Pepin County, Wisconsin Information (Geography)
Historic Pepin County Courthouse Museum in Durand, Wisconsin
Location within the U.S. state of Wisconsin
Wisconsin's location within the U.S.
|Founded||February 25, 1858|
|Named for||Pierre and Jean Pepin du Chardonnets|
|• Total||249 sq mi (640 km2)|
|• Land||232 sq mi (600 km2)|
|• Water||17 sq mi (40 km2) 6.7%%|
| • Estimate |
|• Density||30/sq mi (12/km2)|
|Time zone||UTC−6 ( Central)|
|• Summer ( DST)||UTC−5 ( CDT)|
Pepin County was formed in the year 1858 from portions of neighboring Dunn County. Both the town of Pepin (originally named North Pepin in 1856), and the village of Pepin were named after Lake Pepin, a broadening of the Mississippi River between Pepin County, and the Counties of Goodhue and Wabasha in the state of Minnesota. The lake itself is likely named for one or more of the Pepin families from the French Canadian city of Trois-Rivières in Quebec, Canada. Several Pepins appear in the early records, including the senior figure Guillaume dit Tranchemontagne and his descendants Pierre and Jean Pepin du Chardonnets. One or both of the latter may have accompanied Daniel Greysolon, the Sieur du Lhut, from Montreal to what is now Duluth, Minnesota, in 1679. Exactly when the body of water was first named Pepin is not known, but the name has been used as early as 1700, making it by far one of the oldest recorded place names in Wisconsin. The name was well accepted by the mid-1760s when Jonathan Carver wrote in his journal, "Arrived at Lake Pepin called by some Lake St. Anthony." 
According to the U.S. Census Bureau, the county has a total area of 249 square miles (640 km2), of which 232 square miles (600 km2) is land and 17 square miles (44 km2) (6.7%) is water.  It is the smallest county in Wisconsin by land area.
- Pierce County – northwest
- Dunn County – north
- Eau Claire County – east
- Buffalo County – south
- Wabasha County, Minnesota – southwest
- Goodhue County, Minnesota – west
|U.S. Decennial Census
1790–1960  1900–1990 
1990–2000  2010–2018 
As of the census  of 2000, there were 7,213 people, 2,759 households, and 1,934 families residing in the county. The population density was 31 people per square mile (12/km²). There were 3,036 housing units at an average density of 13 per square mile (5/km²). The racial makeup of the county was 98.90% White, 0.08% Black or African American, 0.19% Native American, 0.21% Asian, 0.04% Pacific Islander, 0.08% from other races, and 0.49% from two or more races. 0.35% of the population were Hispanic or Latino of any race. 41.6% were of German, 13.5% Norwegian, 9.9% Austrian and 6.8% Swedish ancestry. 95.2% spoke English and 3.4% German as their first language.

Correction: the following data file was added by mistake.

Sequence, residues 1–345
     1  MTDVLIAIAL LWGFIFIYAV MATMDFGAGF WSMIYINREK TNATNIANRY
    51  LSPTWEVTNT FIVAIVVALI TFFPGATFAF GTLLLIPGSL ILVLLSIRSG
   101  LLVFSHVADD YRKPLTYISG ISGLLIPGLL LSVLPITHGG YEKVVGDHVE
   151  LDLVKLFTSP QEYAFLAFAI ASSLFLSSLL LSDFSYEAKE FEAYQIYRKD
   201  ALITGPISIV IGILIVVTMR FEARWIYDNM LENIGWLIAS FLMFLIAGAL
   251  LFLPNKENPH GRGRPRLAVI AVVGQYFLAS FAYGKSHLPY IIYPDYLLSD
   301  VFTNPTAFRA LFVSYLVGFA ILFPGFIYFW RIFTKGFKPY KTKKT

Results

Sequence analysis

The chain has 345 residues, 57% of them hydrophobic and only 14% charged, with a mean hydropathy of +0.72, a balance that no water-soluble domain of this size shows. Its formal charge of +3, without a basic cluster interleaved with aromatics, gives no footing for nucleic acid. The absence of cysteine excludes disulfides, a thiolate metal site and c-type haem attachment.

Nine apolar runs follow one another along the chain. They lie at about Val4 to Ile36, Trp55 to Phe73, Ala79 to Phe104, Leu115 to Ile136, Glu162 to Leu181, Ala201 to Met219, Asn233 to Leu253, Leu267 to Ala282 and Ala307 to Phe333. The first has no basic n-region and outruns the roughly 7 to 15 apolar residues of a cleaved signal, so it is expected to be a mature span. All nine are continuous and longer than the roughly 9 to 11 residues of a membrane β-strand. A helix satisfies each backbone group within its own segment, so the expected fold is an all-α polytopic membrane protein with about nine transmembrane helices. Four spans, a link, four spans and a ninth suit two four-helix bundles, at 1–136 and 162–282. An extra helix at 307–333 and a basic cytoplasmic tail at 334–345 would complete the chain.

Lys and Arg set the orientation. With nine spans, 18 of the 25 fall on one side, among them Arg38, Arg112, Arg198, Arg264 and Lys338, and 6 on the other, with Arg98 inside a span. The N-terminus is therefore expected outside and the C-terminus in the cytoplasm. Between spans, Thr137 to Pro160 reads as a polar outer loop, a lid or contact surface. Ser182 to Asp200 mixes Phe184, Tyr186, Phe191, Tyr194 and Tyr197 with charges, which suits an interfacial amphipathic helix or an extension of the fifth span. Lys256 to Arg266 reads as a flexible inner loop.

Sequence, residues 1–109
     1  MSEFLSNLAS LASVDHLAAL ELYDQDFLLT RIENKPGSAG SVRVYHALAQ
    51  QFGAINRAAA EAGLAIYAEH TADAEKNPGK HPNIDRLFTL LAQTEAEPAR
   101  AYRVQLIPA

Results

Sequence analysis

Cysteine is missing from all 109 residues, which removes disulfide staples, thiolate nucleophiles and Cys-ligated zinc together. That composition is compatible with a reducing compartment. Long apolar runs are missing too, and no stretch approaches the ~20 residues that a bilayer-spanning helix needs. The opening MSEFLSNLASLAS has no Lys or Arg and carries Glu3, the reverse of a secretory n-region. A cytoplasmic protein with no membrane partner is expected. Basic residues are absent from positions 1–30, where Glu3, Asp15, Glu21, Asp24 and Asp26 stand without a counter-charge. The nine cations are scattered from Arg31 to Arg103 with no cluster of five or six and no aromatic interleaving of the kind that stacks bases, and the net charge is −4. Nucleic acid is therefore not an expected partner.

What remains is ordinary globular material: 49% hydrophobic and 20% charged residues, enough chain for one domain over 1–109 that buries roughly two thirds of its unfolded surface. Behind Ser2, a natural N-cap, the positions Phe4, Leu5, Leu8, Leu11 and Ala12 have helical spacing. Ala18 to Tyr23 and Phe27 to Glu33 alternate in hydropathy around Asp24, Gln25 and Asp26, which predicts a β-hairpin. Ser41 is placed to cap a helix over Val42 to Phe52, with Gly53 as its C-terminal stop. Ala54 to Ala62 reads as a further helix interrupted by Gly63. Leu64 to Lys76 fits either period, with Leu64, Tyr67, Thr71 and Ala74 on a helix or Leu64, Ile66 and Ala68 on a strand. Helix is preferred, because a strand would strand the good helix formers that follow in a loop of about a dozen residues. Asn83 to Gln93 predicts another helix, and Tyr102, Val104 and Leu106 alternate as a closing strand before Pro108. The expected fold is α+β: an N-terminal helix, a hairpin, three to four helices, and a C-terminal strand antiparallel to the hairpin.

There were 2,759 households out of which 32.40% had children under the age of 18 living with them, 59.90% were married couples living together, 6.80% had a female householder with no husband present, and 29.90% were non-families. 26.10% of all households were made up of individuals and 13.60% had someone living alone who was 65 years of age or older. The average household size was 2.57 and the average family size was 3.13.
In the county, the population was spread out with 26.50% under the age of 18, 7.90% from 18 to 24, 25.90% from 25 to 44, 22.80% from 45 to 64, and 16.80% who were 65 years of age or older. The median age was 39 years. For every 100 females there were 101.10 males. For every 100 females age 18 and over, there were 100.20 males.
In 2017, there were 41 births, giving a general fertility rate of 79.6 births per 1000 women aged 15–44, the fifth highest rate out of all 72 Wisconsin counties.  Additionally, there were no reported induced abortions performed on women of Pepin County residence in 2017. 
Pepin County has a 12-member board of supervisors. 
- Note: In 1928, Progressive candidate Robert M. La Follette, Sr. came in second in Pepin County, receiving 33.59% of the vote (737 votes).
- Durand (county seat)
Pepin County panorama, west of Durand
- "State & County QuickFacts". United States Census Bureau. Archived from the original on June 6, 2011. Retrieved January 23, 2014.
- "Find a County". National Association of Counties. Retrieved June 7, 2011.
- Callary, Edward (2016). Place Names of Wisconsin. Madison, Wisconsin: University of Wisconsin Press. ISBN 9780299309640.
- "2010 Census Gazetteer Files". United States Census Bureau. August 22, 2012. Retrieved August 8, 2015.
- "Population and Housing Unit Estimates". Retrieved July 26, 2019.
- "U.S. Decennial Census". United States Census Bureau. Retrieved August 8, 2015.
- "Historical Census Browser". University of Virginia Library. Retrieved August 8, 2015.
- Forstall, Richard L., ed. (March 27, 1995). "Population of Counties by Decennial Census: 1900 to 1990". United States Census Bureau. Retrieved August 8, 2015.
- "Census 2000 PHC-T-4. Ranking Tables for Counties: 1990 and 2000" (PDF). United States Census Bureau. April 2, 2001. Retrieved August 8, 2015.
- "American FactFinder". United States Census Bureau. Retrieved May 14, 2011.
- Annual Wisconsin Birth and Infant Mortality Report, 2017 P-01161-19 (June 2019): Detailed Tables
- Reported Induced Abortions in Wisconsin, Office of Health Informatics, Division of Public Health, Wisconsin Department of Health Services. Section: Trend Information, 2013-2017, Table 18, pages 17-18
- Pepin County Board of Supervisors Archived June 25, 2012, at the Wayback Machine Retrieved April 15, 2011.
- Sullivan, Robert David; ‘How the Red and Blue Map Evolved Over the Past Century’; America Magazine in The National Catholic Review; June 29, 2016
- Leip, David. "Dave Leip's Atlas of U.S. Presidential Elections". uselectionatlas.org. Retrieved April 17, 2018.
- Curtiss-Wedge, Franklyn (comp.). History of Buffalo and Pepin Counties. Winona, Minn.: H. C. Cooper, Jr., 1919.